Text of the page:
Taste Bud Profile
I have to imagine it's impossible to hear Bri Warner's story and not be completely blown away. Truly. From brokering conversation and peace through a pancake dinner in Guinea, to creating meaningful occupational opportunities for newly resettled Americans in Portland, to founding a seaweed farming company, Bri has found a way to use food to teach, to create a positive impact, and to nourish and encourage connections in so many ways.
Bri Warner: My love of food culture has quite simply come from my love of eating food.
I’m from a small town in PA. My mother, Linda, was born and raised in that town and never really had the opportunity to travel extensively. But she would regularly make dinners themed from places she had never been—Moroccan night, Japanese night—her best approximations based on what she could get in the store. She passed away when I was young, but that spirit of travel really gave me an appreciation for knowing what else was out there. And I was amazed that there was a bigger world out there.
I knew from when I was 5 years old that I wanted to be a diplomat. My plan never deviated. I wanted to go overseas because I never understood why people would choose to fight instead of finding common ground.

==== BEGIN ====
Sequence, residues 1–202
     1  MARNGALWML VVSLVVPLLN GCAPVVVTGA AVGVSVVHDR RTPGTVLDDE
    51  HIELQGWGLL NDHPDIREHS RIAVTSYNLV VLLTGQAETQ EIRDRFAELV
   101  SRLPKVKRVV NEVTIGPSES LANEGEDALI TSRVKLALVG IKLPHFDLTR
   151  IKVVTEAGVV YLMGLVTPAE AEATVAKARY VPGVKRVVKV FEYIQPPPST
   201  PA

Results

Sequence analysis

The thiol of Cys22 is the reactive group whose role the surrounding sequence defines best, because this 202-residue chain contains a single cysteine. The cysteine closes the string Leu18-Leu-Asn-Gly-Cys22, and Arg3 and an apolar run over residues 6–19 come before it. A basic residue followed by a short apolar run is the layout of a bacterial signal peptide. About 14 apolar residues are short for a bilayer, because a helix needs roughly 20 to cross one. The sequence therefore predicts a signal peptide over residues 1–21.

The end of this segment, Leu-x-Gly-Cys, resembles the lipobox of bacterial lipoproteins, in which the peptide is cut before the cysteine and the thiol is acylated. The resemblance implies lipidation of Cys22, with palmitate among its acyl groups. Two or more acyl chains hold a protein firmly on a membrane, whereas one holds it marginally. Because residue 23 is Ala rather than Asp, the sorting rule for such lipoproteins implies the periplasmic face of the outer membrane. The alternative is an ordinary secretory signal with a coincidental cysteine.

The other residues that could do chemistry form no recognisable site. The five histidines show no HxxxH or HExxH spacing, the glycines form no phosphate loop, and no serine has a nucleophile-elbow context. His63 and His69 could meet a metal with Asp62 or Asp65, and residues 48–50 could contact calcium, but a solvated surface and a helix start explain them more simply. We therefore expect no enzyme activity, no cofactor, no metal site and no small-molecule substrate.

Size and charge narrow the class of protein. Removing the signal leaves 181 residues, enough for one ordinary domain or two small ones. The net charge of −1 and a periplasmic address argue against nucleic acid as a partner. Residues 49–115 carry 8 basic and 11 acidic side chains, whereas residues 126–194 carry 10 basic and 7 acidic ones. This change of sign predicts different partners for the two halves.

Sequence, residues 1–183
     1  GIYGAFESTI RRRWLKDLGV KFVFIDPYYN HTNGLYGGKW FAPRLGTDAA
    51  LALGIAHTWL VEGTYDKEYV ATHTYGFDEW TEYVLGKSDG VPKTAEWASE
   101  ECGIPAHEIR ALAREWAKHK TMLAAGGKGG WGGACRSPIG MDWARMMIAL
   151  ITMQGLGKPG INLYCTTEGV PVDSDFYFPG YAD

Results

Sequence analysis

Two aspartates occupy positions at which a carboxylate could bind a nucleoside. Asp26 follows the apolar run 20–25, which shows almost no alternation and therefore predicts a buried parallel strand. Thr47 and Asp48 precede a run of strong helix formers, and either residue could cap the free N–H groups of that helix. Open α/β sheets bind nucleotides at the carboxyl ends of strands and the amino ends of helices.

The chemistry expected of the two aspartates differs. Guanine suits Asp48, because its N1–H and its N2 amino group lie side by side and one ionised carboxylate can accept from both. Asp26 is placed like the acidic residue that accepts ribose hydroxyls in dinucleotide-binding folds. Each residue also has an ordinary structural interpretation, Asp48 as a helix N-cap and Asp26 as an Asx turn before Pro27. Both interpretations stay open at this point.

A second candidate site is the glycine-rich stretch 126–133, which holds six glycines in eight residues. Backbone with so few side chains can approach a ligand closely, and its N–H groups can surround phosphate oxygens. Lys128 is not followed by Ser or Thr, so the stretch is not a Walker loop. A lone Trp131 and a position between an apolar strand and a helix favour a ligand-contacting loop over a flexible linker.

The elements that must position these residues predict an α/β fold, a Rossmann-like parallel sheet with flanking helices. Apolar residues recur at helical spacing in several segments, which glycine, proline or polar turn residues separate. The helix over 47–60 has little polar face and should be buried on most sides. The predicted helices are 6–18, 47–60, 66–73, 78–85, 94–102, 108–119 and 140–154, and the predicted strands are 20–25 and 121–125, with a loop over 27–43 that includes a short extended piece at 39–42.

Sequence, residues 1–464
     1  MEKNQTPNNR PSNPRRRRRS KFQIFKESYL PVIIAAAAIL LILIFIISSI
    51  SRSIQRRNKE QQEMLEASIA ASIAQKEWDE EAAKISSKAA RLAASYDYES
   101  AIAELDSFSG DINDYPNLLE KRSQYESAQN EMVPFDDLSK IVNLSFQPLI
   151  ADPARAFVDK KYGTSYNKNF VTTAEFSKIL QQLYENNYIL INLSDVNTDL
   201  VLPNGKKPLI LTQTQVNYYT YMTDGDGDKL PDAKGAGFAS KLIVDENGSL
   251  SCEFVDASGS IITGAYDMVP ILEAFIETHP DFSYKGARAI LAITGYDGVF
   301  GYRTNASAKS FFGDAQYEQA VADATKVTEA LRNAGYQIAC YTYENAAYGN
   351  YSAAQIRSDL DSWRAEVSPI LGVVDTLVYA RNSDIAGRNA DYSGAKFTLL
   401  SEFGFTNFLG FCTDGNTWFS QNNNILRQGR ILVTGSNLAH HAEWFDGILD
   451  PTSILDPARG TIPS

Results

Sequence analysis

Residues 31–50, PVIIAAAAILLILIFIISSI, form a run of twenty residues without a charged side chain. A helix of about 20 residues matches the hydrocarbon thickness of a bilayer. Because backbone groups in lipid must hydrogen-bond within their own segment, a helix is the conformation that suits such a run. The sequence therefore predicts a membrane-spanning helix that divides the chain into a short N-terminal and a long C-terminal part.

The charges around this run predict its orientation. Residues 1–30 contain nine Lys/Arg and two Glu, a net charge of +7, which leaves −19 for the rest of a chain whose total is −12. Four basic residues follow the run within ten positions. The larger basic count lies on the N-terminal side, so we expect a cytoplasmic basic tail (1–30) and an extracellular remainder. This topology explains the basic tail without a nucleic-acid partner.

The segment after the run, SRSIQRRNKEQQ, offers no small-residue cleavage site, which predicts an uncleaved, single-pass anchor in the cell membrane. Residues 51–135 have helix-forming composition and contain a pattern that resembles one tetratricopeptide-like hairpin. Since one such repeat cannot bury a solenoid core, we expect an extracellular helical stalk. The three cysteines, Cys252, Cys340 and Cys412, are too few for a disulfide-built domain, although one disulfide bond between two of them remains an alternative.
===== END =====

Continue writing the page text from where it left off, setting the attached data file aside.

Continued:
I believed that there were more similarities to be found between people than differences, and that if we could just talk about it, we could avoid fighting. In my family, we talked over food. Big meals brought everyone together. I spent time in Egypt and found that it was the same deal there—people communicated over food. When I was there, there were heightened tensions between Christians and Muslims, but they all cooked the same food, went to the same restaurants, and took pride in who could make the best kosheri. It didn’t matter who they were. The passion was the same.
My first diplomatic tour was in Guinea, when there was significant civil strife at the time. I knew that the only way to change minds was through the country’s youth—so I invited prominent youth leaders (who were at the center of the ethnic strife) over to my house. I wanted to disarm everyone with food so we could really start to have a conversation—so I made pancakes (of course). I invited everyone over, and asked them to check their weapons at the door. My father-in-law shipped me maple syrup from Maine. Sitting at the same table, all of these youth leaders were heard on equal footing. They united around food they had never had, all collectively wondering “what is this crazy diplomat doing?” They started coming over every few weeks, bonding over “bread and sugar water” and they talked about what they had in common—they all wanted a better future for their families and for themselves. They ended up forming a youth group together. They started a non-profit. When the first democratic elections happened, there was minimal civil strife in the streets. These same youth leaders were some of those encouraging dialogue in the streets instead of violence.